Children of the Revolutionary 

Former black revolutionary Watani Stiner turned himself in to San Quentin so his children could come to America. Was it worth it?

Wednesday, Aug 22 2007

Page 7 of 13

In 1994, Larry came home from work one day and turned on the TV to see something startling. “I was watching the news and suddenly realized, hey, there’s my father.”

Watani had just returned from Suriname, and his extradition was the lead story. Larry knew immediately that he needed to get in touch and sent a letter to his father in prison asking to meet.

“I was nervous about how Larry was going to react to me,” remembers Watani. “I didn’t know what kind of resentment might have built up over the years — what kind of anger. It certainly would have been deserved. But then he contacted me and we fell right in.”

click to flip through (5) The extended Stiner clan, from left: Larry Jr. and his wife, Diane, with their daughter Khyra, 3, and Larry’s half-siblings Tamani, 16; Natisha, 19; Lige, 15; and Mtume, 14. Not pictured: Kishana, 23; Latanya, 21; and Larry’s daughter Jasmine, 19. (Photo by Gregory Bojorquez)
  • The extended Stiner clan, from left: Larry Jr. and his wife, Diane, with their daughter Khyra, 3, and Larry’s half-siblings Tamani, 16; Natisha, 19; Lige, 15; and Mtume, 14. Not pictured: Kishana, 23; Latanya, 21; and Larry’s daughter Jasmine, 19. (Photo by Gregory Bojorquez)

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“I was just happy to get the opportunity to finally get to know him,” says Larry.

Over the next few years, as Larry and his father grew close, Larry learned of his half brothers and half sisters and the situation in Suriname. But Larry would soon have his own trauma to deal with. In 2000, Larry’s brother Lionel suffered a massive and unexpected heart attack.

“It was his 33rd birthday. I was driving over to his place to hang out when Diane called me with the news,” says Larry. “I went straight to the hospital, but he died before I had the chance to say goodbye.”

Larry was devastated: “Ever since we were kids, growing up the way we did without a father, Lionel and I were inseparable. It was like a piece of me died that day.” If there was any solace to be had, it was that Lionel and Watani had had the chance to reconnect before his death.

“I just thank God I had that opportunity,” says Watani.

But while Larry mourned the loss of the only brother he knew, a new sibling prepared to enter his life. In 2001, Elaine and Sheilah paid for Kishana to come visit Watani in San Quentin. When she arrived and learned of the existence of her half brother in Los Angeles, she wanted to meet him too.

“We took her all over the place,” says Larry. “We went to Disneyland, to the beach — we had a good time. After Kishana left, we really tried to keep in touch — to send money and medicine down there as often as we could and to make sure they were all right. I also got more involved with the legal situation — in trying to finally get the kids over here as soon as possible.”

On the latter front, he was perhaps more successful than he was prepared for. On a random Friday in January of 2005, Larry received an unexpected call from Los Angeles County Social Services. The kids were on their way from Suriname and would be in Los Angeles on Monday morning. If a suitable home wasn’t found immediately, the children would be sent to foster care.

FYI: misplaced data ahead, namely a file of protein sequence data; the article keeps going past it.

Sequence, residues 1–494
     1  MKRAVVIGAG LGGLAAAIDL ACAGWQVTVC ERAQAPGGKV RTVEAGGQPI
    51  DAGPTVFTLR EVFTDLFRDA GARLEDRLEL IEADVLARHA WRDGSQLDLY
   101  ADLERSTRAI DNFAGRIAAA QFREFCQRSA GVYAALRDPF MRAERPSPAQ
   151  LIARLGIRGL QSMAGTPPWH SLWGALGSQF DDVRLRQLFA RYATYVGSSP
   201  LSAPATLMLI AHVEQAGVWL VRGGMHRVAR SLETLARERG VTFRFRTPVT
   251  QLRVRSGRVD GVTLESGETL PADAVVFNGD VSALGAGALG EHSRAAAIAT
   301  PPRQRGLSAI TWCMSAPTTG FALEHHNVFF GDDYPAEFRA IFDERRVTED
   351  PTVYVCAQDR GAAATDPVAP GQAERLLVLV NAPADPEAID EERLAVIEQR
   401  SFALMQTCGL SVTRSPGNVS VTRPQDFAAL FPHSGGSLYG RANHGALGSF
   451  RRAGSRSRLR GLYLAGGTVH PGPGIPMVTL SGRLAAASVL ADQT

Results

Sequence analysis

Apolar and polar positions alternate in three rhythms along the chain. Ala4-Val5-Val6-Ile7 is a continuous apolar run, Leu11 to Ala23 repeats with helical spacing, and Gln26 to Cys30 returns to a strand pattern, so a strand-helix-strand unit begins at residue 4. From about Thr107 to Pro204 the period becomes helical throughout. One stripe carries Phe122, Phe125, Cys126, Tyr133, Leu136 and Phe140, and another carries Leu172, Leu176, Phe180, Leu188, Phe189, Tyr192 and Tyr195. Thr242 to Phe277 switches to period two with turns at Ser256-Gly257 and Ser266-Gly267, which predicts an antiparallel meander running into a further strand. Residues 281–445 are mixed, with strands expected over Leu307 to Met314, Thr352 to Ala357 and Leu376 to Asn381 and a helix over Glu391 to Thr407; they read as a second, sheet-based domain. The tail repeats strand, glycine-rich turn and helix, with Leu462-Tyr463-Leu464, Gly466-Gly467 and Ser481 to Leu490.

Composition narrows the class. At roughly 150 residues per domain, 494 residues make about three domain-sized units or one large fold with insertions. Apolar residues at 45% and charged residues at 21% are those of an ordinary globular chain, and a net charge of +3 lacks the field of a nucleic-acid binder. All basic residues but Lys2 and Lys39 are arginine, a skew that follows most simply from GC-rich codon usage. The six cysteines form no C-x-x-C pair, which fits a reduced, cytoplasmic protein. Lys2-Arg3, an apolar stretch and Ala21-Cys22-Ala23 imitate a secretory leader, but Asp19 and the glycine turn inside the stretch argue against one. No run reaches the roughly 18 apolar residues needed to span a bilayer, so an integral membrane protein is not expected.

“We can’t have that,” Larry remembers thinking at the time. “After all they’ve been through, entering foster care in South L.A. without knowing anything about this country or even speaking the language — these kids would be completely lost. And on top of that, they were going to separate the kids and only send the four youngest over. I just thought, ‘Well, we can’t have that either.’ ”

After deliberating with Diane, Larry called Social Services back. The kids could stay with them — all of the kids.

“We were running around all over the place, buying towels and air mattresses — trying to figure out where we were going to put everybody.”

When Monday morning rolled around, the Stiner home had six new additions. (Raoul, now married with a child, stayed behind.)

Watani was overjoyed. “A huge weight was lifted,” he says. “The kids were with Larry, they had someone to look after them, they would be able to get their education — they were safe. I could finally relax.”

But Watani’s ease was premature. Life in America — especially life in South L.A. — has its pitfalls. For Larry and Diane, relaxation seems like a distant dream.

Says Larry: “We had no idea what we were getting into.”

On July 19, Watani enters his parole hearing dressed in mandatory prison blues and sporting a thin, stylish pair of violet-tinted glasses. Calm and poised, he politely sits down opposite the two-member parole board and their massive, imposing desk, cluttered with documents and files relating to his case. Across the room, a Los Angeles district attorney, sent to fight Watani’s release, eyes him carefully. Watani simply waits patiently to make his opening statement. It’s a moment he has been anticipating for quite some time, and when it comes, Watani goes for broke, telling the parole board that he refuses to participate in what he labels a “sham hearing.”

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